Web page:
The watch command can execute a command repeatedly, with a default time interval of 2 seconds.
Watchifconfig can monitor network status every two seconds.
Watch-d ifconfig can monitor network status every two seconds and mark the changed parts
Watch-d ifconfig eth0 can monitor eth0 only every two seconds and mark the changed part.
Watch-d’ifconfig eth0 | grep bytes’can monitor eth0 only every second, show only the traffic part, and mark the changed part.
Watch can also be used to view changes in files, such as:
For example, watch ls-la file, which means two seconds to see how file size changes in file1.
Exit: Ctrl + C
Examples of watch commands
Watch is a very useful command. Basically all Linux distributions come with this widget. Like the name, watch can help you monitor the results of a command and save you from running it manually over and over again. Under Linux, watch is the next program that executes periodically and displays the results of execution on a full screen. You can use it to monitor the results of all the commands you want, such as tail a log file, ls to monitor the size of a file, see your imagination!
1. Command format
Watch [parameter] [command]
2. Command Function
The output results of commands can be output to standard output devices, mostly for periodic execution of commands/timing execution of commands.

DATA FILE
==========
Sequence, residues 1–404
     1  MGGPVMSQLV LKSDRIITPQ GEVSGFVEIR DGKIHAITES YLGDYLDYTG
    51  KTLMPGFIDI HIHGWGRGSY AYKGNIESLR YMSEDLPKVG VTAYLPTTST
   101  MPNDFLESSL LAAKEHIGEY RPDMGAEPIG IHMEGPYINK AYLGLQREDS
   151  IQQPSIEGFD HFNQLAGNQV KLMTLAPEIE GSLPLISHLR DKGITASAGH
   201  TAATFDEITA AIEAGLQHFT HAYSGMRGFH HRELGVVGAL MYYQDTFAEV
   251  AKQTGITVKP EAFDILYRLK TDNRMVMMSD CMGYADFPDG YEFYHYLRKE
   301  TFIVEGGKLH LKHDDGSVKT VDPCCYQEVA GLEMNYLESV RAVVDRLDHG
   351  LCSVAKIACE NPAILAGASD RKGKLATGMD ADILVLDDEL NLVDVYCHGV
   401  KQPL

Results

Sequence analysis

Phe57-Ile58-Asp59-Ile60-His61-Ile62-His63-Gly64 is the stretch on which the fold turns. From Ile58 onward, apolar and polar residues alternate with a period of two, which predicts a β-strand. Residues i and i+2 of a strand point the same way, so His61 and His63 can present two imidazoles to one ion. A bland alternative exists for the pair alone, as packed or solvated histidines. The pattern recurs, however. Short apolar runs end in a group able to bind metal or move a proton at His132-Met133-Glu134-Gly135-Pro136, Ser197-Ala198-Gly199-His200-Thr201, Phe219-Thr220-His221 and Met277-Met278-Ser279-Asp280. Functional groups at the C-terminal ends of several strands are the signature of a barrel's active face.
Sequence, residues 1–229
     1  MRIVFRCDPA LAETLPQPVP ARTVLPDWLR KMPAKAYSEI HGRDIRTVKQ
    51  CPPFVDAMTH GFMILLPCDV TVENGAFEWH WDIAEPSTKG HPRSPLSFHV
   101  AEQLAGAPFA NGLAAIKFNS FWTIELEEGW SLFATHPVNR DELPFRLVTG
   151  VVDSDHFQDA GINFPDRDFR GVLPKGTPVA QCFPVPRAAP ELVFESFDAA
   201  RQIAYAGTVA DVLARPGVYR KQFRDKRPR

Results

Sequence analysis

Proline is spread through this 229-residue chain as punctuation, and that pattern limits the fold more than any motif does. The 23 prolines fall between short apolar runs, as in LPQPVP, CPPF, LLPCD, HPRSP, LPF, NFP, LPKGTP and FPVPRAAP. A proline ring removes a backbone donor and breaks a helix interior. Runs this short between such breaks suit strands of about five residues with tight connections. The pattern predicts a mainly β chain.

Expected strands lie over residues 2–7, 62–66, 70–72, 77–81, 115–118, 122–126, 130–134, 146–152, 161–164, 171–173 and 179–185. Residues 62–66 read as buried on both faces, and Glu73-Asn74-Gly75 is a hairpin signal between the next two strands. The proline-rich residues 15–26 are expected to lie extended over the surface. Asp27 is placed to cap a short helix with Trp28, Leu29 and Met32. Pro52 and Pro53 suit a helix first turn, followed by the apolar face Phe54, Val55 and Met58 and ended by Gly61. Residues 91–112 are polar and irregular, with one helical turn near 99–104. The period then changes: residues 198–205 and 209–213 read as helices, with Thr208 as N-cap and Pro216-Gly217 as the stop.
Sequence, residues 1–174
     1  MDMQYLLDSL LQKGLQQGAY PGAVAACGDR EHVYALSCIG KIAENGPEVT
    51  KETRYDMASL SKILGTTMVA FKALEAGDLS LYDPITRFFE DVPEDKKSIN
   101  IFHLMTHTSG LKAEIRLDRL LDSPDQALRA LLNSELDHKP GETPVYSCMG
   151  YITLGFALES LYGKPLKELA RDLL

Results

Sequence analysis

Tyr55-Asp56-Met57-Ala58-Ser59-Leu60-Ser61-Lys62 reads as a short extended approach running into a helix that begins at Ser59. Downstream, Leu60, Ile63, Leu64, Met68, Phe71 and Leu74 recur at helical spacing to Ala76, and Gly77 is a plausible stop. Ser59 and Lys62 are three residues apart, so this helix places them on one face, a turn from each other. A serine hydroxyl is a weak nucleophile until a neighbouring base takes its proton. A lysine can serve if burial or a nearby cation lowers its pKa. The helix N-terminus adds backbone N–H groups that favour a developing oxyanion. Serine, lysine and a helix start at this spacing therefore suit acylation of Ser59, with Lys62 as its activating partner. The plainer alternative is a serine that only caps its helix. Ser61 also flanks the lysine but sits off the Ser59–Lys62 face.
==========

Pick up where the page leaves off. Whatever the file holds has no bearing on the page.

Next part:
3. Command parameters
– N or — interval watch runs the program every 2 seconds by default, and you can use – N or – interval to specify the interval time.
– D or – differences highlights the changed area with the – D or – differences option watch. The – D = cumulative option highlights the changes (whether or not they have changed in the latest one).
– t or – no – Title closes the time interval at the top of the watch command, the command, and the output of the current time.
– h, – help to view help documents
4. Use examples
Command: Highlight changes in the number of network links every second
watch -n 1 -d netstat -ant
Every 1.0s: netstat -ant Mon Feb 27 20:49:38 2017
Active Internet connections (servers and established)
Proto Recv-Q Send-Q Local Address Foreign Address State
tcp 0 0 0.0.0.0:22 0.0.0.0:* LISTEN
tcp 0 0 127.0.0.1:25 0.0.0.0:* LISTEN
tcp 0 0 192.168.0.210:22 192.168.0.5:51577 ESTABLISHED
tcp6 0 0 :::80 :::* LISTEN
tcp6 0 0 :::22 :::* LISTEN
tcp6 0 0 ::1:25 :::* LISTEN
Description: Other operations:
Handover terminal: Ctrl + X
Exit watch: Ctrl + G
Example 2: Highlighting the number of HTTP links every second
watch -n 1 -d 'pstree|grep http'
Highlight the number of HTTP links every second. If the following command has a pipe character, you need to add”to reorganize the command area.
Example 3: Real-time view of the number of connections established by simulated attack clients
Watch'netstat-an | grep: 21 | grep < client IP > | wc-l'
Example 4: Monitoring changes in scf’s files in the current directory
watch -d 'ls -l|grep scf'
Example 5:10 second output system average load
watch -n 10 'cat /proc/loadavg'
The output results are as follows:
Every 10.0s: cat /proc/loadavg Mon Feb 27 20:54:45 2017
0.01 0.04 0.05 1/132 6335